Nov 13, 2018

4. More than 50 nations, but not U.S., sign onto cybersecurity pact

French President Emmanuel Macron seen after the opening session of the Paris Peace Forum. Photo: Artur Widak/NurPhoto via Getty Images

French President Emmanuel Macron released an international agreement on cybersecurity principles Monday as part of the Paris Peace Forum. The original signatories included more than 50 nations, 130 private sector groups and 90 charitable groups and universities, but not the United States, Russia or China.

The big picture: The Paris Call for Trust and Security in Cyberspace is another step in the disjointed effort to create international norms and laws for cybersecurity and warfare. In most international matters of regulating the internet, there tends to be a wide split between the liberal Western order and authoritarian nations like Russia and China.

Details: The agreement does not command any specific legislation.

  • The principles include agreements to promote human rights on the internet, thwart election hacking, cease the theft of intellectual property via hacking and stop "malicious cyber activities in peacetime, notably the ones threatening or resulting in significant, indiscriminate or systemic harm to individuals." China, Russia and North Korea have each been accused of violating some or all of these in the past.
  • Private sector groups are tasked with having a unique responsibility in security.
  • It includes an endorsement of certain security measures, including basic security practices and responsible disclosure campaigns, allowing security researchers to alert organizations and governments to security vulnerabilities in their systems.

Key absentees from the agreement included the U.S. and Australia — two of the five nations in the powerful Five Eyes digital surveillance alliance. The others — the U.K., Canada and New Zealand — all signed.

  • Many restrictive regimes also did not sign on, including China, North Korea, Russia and Iran, who all have active cyber warfare programs, and Saudi Arabia, which does not.
  • Israel, which has a large domestic cybersecurity industry, also did not sign on.

But the signatories include two notable tech sector security agreements: the Microsoft-led Cybersecurity Tech Accord and the Siemens-led Charter of Trust.

  • Major tech firms like Microsoft, Facebook, Google, IBM and HP are all signed on — either through those private sector pacts or to the agreement outright.
  • Kaspersky Lab, which has been accused of assisting in Russia's hacking efforts, signed as well. Chinese firms accused of benefitting from the theft of intellectual property or assisting in espionage, including ZTE and Huawei, did not.

Go deeper

Bernie's juggernaut

Sen. Bernie Sanders speaks in San Antonio last night with his wife, Jane. Photo: Eric Gay/AP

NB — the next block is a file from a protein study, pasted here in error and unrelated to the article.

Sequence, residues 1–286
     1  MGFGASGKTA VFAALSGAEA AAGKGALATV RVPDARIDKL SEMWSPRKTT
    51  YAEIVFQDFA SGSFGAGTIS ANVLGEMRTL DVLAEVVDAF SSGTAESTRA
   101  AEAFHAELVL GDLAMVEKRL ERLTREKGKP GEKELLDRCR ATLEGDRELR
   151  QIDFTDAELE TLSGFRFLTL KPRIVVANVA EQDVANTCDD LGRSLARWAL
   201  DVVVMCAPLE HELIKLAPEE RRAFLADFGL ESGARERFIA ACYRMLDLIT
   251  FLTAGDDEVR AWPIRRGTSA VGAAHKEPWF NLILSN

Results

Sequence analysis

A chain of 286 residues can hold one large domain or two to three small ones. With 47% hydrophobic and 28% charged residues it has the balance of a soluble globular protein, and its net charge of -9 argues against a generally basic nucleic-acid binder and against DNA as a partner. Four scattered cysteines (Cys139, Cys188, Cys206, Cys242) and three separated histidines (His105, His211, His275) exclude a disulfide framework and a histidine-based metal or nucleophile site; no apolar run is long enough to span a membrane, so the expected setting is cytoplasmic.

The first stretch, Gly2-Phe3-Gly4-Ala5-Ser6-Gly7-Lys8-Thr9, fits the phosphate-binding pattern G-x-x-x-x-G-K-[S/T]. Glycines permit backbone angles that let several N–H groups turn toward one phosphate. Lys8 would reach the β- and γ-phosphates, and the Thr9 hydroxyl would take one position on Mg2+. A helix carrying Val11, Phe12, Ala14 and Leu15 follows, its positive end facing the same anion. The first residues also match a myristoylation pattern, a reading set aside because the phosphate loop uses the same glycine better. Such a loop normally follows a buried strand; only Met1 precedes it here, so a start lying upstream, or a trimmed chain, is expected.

Sen. Bernie Sanders won so big in the Nevada caucuses that Democrats are hard-pressed to sketch a way he's not their nominee.

Driving the news: With 60% of precincts counted (slow, but better than Iowa!), Sanders is running away with 46% of delegates — crushing Joe Biden's 20%, Pete Buttigieg's 15%, Sen. Elizabeth Warren's 10% and Sen. Amy Klobuchar's 5%.

Go deeperArrowUpdated 2 hours ago - Politics & Policy

Buttigieg campaign claims Nevada caucuses were "plagued with errors"

Photo: Win McNamee/Getty Images

Pete Buttigieg's campaign wrote a letter on Sunday asking the Nevada State Democratic Party to release early vote and in-person vote totals by precinct and address certain caucus errors identified by campaigns, The Nevada Independent reports.

The big picture: The campaign alleges that the process of integrating early votes on caucus day was “plagued with errors and inconsistencies,” and says it received more than 200 incident reports from precincts around the state.

Go deeperArrowUpdated 2 hours ago - Politics & Policy

Coronavirus threat grows, threatening some drug supplies

Data: The Center for Systems Science and Engineering at Johns Hopkins, the CDC, and China's Health Ministry. Note: China numbers are for the mainland only and U.S. numbers include repatriated citizens.

As the novel coronavirus continues spreading globally and China grapples with a limited production capability, there's a growing risk to about 150 prescription drugs in the U.S., sources tell Axios.

The big picture: The coronavirus has spread to more countries, with both South Korea and Italy stepping up emergency measures amid rising case numbers on Sunday. COVID-19 has killed at least 2,467 people and infected almost 79,000 others, mostly in mainland China.

Go deeperArrowUpdated 3 hours ago - Health